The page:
This topic contains 23 replies, has 1 voice, and was last updated by  Wright Arms 3 years ago.

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  • #26882
     Wright Arms 
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    Inspired by some of the single shot rifles I have seen constructed by others, and in the interest of furthering my own knowledge, I have begun to construct a single shot rifle of my own. I make no claims to it being a design breaking any new ground for anyone other than myself, as it is straight out of the Mr. Single Shot’s book by Frank and Mark de Haas. I decided to build the Chicopee center fire design, and I decided I wanted a reloadable .22 caliber. As the .22 Hornet is one of the, if not the most common of the relatively small cased cartridges, I decided this would be the cartridge I would use. Here are a few pictures of the humble beginnings.

    It’s not much to look at yet, however, if things go as planned there will be a couple of surprises along the way. I have only a lathe, drill press and hand tools to work with at this point, so progress is limited to what I can stand per day.

    If nothing else, I guess I have learned how to deal with PhotoBucket. Meh.

  • #26884
     Heathydee 
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    I built one in 30-30 a few years back . Here is the link .It is worth a read if only to prevent you falling into the same traps I did http://www.homegunsmith.com/cgi-bin/…ST;f=3;t=20227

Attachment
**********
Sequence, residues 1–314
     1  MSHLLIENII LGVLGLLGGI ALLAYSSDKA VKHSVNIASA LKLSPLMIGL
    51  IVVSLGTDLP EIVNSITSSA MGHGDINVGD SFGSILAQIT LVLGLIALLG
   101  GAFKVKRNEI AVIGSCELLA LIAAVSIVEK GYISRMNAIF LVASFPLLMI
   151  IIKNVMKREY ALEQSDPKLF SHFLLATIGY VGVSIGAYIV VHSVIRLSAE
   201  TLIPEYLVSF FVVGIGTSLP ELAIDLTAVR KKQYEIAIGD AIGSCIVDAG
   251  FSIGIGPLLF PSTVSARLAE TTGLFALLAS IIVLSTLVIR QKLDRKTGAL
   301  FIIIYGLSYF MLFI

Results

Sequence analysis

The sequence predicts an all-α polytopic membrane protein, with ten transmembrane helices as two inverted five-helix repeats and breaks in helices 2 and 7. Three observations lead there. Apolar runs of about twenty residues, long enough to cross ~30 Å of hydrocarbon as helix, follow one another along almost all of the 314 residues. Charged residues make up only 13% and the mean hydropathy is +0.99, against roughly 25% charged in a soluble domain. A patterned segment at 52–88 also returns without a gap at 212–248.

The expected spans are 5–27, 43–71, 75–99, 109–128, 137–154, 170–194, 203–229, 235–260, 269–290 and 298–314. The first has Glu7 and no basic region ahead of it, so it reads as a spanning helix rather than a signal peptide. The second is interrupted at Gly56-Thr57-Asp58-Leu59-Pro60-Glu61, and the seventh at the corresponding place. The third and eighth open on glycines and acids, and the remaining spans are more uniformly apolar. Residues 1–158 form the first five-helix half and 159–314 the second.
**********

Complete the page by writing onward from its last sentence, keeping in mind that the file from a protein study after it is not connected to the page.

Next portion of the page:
• #26901
     Wright Arms 
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    I found that thread with a search before, but hadn’t read past the second page. I still haven’t finished it all, I’m up to the stock fitting process now. That is amazing documentation, and very well executed. I hope I will not have as many fitment headaches as I have no plans for major alterations, but hand fitting is hand fitting, I suppose. The wooden fitting jig is an excellent idea. Thanks for pointing that thread out, it will indeed be helpful.

  • #26908
     Heathydee 
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    I hope you find the thread useful . If you require any more information, descriptions or pictures I am happy to either post in your thread or PM you . Coincidentally a guy at my Gun Club gave me two boxes of 30-30 ammo last Friday and I had intended taking the Chicopee out today and playing with it .

  • #26909
     Wright Arms 
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    That is a very generous offer, thank you. I’m certain I will be taking you up on that in the future.

  • #26910
     Reg 
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    Looking good !!!! Glad to see you are posting a few pictures. If you are at the point where you are putting the sides together, deHaas on at least one of his builds braised or silver soldered them together. Number one son on his build heli-arced everything together and it turned out nice when hot blued. You could not see any join lines. Have also seen where they gas welded the plates on and it too looked good. As far as appearances go think I would go with either of the actual steel welding processes and not with the silver solder. Just a thought.

    Waiting for more pics !!!

    🙂

  • #26913
     Wright Arms 
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    Worked my tail off without much to show for it. I did not have a piece of tool steel to use for the breech face, so I decided to use a small slab cut from a 1 1/2″ bar of 4140 I had lying around. It was going to cost nearly $50 to have an 18″ piece of tool steel sent to me. Stuck in my craw. Got impatient and just used what I had on hand. I’m not scared of a file. Soooooo . . . . that round disk you see in the last photo is now the breech face on the firing pin block. A little drilling and tapping and the 2 are now 1. I haven’t trimmed the height yet, hence the round outline of the bar stock on the top of the breech face.